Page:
Give your tie dye skills a modern makeover with Tulip Tie Dye and my new striped summer scarf tie dye tutorial!
In this project, you’ll learn how to add bold stripes to gauzy fabric to create a sheer summer scarf or wrap that’s perfect for evening beach walks or air conditioned offices. Designed to transition seamlessly from casual days to a night on the town, this may be a tie dye tutorial, but it definitely ain’t your daughter’s summer camp t-shirt!
* Tulip One-Step Tie-Dye Kit (Kit contains: 5 squeeze bottles containing dye, 5 dye packets, 8 protective gloves, 40 rubber bands, and project ideas)
* Tulip Surface Cover
* Lightweight cotton muslin, 20″ wide x 46″ long (Voile and linen are also fine. Increase/decrease measurements as desired to adjust size.)
* Machine sewing thread, white or natural
* Plastic wrap
* Paper towels
* Laundry detergent
* Sewing machine or serger (Hand-sewing is fine, but will take longer.)
* Rotary cutter or fabric scissors
* Quilting ruler
* Medium binder clips
* Iron and ironing board
Please note that iLoveToCreate.com provided the Tulip One-Step Tie-Dye Kit and the Tulip Surface Cover for this project.
Ready to make your own? Let’s get started!
To avoid getting dye where it doesn’t belong, cover your workspace with a Tulip Surface Cover.
Wet the fabric with water so it’s slightly damp to the touch, then make accordion/zigzag folds back and forth across the 46″ length of the fabric every two inches. You can use binder clips to hold the folds in place as you work.
Tightly wrap six rubber bands around the ends of the folded fabric as shown. The more space you leave between the rubber bands, the wider your stripes will be.
To protect the areas that won’t be dyed, use plastic wrap to cover the length of the fabric between the rubber bands. Use binder clips to hold the plastic wrap in place just above the innermost rubber band on each side.
Wearing protective gloves, mix the dye according to the instructions in the kit. Then, beginning at the bottom of each side, apply the dye gently and evenly to the damp fabric, working the tip of the bottle into the folds. The fabric should be evenly covered with dye, but not overly saturated. Position a layer of paper towel under the dyed areas to soak up any drips, then continue applying dye until each stripe has been colored.
Tip: If you’re having trouble getting an even distribution of color, you can use your gloved fingers to gently work the dye into the fabric.
Cover the dyed ends with plastic wrap and allow the color to set for 6 to 8 hours. (For a more muted color, allow it to set for 3 or 4 hours.)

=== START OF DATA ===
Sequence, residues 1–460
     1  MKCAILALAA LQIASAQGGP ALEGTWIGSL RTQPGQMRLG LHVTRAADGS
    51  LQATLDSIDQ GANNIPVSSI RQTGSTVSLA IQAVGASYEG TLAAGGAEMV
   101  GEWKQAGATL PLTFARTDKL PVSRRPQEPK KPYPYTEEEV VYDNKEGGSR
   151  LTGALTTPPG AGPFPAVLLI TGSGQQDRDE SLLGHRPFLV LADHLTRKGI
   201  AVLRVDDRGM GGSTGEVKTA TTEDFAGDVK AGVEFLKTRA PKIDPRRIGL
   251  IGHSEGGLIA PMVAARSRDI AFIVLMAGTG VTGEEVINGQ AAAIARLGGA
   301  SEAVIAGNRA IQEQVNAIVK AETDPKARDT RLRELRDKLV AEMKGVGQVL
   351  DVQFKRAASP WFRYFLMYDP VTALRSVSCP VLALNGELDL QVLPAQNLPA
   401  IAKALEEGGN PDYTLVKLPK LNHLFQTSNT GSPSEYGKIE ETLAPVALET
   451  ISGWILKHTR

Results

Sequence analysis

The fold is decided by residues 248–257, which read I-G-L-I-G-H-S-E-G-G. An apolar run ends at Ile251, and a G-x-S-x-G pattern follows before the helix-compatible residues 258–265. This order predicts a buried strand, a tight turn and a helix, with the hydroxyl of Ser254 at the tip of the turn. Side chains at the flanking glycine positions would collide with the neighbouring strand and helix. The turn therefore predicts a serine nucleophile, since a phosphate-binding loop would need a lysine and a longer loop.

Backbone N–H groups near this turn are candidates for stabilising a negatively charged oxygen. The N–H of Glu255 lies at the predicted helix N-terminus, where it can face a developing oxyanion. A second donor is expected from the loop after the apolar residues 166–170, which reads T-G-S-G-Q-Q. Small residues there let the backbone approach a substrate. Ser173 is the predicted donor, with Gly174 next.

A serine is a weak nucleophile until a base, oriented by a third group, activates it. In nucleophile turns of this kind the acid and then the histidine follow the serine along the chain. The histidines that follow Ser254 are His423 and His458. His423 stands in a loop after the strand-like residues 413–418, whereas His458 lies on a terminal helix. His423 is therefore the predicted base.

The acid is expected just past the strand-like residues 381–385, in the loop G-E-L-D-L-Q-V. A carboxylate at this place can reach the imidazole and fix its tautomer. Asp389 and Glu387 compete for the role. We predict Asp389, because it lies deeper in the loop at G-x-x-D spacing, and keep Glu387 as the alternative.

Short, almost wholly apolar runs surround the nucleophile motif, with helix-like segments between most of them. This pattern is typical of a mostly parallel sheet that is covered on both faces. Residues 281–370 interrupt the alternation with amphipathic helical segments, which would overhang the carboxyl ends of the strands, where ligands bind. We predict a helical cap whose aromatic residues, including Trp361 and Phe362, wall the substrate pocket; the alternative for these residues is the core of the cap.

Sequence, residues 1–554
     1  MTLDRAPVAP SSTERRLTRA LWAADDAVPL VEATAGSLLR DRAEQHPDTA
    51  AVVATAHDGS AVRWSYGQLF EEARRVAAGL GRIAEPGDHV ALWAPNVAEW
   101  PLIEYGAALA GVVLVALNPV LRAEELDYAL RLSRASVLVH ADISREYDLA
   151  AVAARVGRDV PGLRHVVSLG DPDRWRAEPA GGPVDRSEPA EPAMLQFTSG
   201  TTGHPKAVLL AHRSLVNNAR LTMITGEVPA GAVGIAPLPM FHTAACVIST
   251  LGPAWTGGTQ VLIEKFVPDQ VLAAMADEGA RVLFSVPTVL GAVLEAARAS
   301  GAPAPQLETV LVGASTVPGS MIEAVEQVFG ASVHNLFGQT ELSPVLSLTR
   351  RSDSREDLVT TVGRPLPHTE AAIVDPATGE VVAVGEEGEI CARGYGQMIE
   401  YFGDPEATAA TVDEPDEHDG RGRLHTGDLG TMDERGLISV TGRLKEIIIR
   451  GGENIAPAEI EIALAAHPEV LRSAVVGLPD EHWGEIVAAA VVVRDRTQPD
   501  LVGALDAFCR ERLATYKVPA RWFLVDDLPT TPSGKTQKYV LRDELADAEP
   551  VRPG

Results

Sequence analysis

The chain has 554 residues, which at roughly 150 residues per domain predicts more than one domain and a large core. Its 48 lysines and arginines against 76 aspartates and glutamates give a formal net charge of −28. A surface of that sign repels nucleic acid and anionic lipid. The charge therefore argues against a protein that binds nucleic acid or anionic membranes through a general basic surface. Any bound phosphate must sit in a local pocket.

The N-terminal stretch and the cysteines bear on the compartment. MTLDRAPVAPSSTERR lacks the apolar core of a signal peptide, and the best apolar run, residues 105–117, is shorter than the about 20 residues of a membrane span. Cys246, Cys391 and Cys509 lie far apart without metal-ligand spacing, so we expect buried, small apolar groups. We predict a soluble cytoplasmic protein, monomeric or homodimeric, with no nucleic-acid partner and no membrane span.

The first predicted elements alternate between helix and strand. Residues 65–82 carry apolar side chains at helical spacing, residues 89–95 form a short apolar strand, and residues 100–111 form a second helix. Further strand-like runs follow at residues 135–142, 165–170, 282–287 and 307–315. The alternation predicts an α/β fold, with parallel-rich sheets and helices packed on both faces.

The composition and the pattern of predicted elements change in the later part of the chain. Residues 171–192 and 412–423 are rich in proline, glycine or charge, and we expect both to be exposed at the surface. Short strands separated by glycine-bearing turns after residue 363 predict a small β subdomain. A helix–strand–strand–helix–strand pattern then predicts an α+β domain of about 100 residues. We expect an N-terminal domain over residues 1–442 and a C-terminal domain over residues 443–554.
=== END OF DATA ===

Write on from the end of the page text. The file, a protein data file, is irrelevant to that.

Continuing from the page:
Once set, rinse the dye out of the fabric, then wash and dry per the instructions in the kit.
Once dry, iron the fabric to remove excess wrinkles.
Block your fabric to true the grain, then use a ruler and rotary cutter to clean up the sides and ends before hemming. For the scarf to hang correctly, it should be perfectly rectangular.
Use your sewing machine or serger to create a 1/4″ hem. (Hand-stitching a rolled hem would also look nice.)
I wanted a less finished look for my scarf, so I used my serger to add a lingerie seam around the edges.
Trim any excess threads and press the hem.
Done! Wrap it around your shoulders and style as desired.
I plan on using mine—plus a chunky vintage brooch to hold the ends together—to add a little color to my favorite comfy-jeans-and-gray-tee ensemble. How will you wear yours?
You can also check out iLoveToCreate.com on Twitter, the iLoveToCreate Facebook page, the ILoveTulipFashionArt Facebook page, and Pinterest!
Tulip Tie Dye Kits are available at Walmart, Walmart Canada, Michaels, JoAnn, A.C. Moore, Hobby Lobby, Hancock Fabrics, Meijer. Tie dye kit contents and colors may vary by store.
Disclosure: This post was written as part of a paid campaign with iLoveToCreate.com and Blueprint Social. The opinions in this post are my own.
More Tie Dye 101 projects:
Love how modern this tie dye project is! The scarf will definitely look great w/ jeans and a gray tee! (Love the idea of using a vintage brooch to keep it together too.)
Beautiful. And I don’t know know why I never thought to use paper towels.
I think the dye kit instructions–or maybe the Tulip tie dye technique page on the website–mentioned it. Either way, it was really helpful. It definitely kept the dye from running where it wasn’t supposed to.
I love everything about this project. I never thought about using purposeful negative space in a tie dye design. You are giving ideas for my next project.
Thanks! I had a ton of fun figuring out how to make straight lines and keep specific areas dye free! (Truth be told, my earlier attempts were definitely not so clean!)
These are by far the most thorough instructions I’ve seen for a DIY project, thank you so much for your attention to detail! I’ve been trying to find quality instructions for making a groovy baby creeper (like this: . I would love to see your take on that project! Looking forward to your future articles!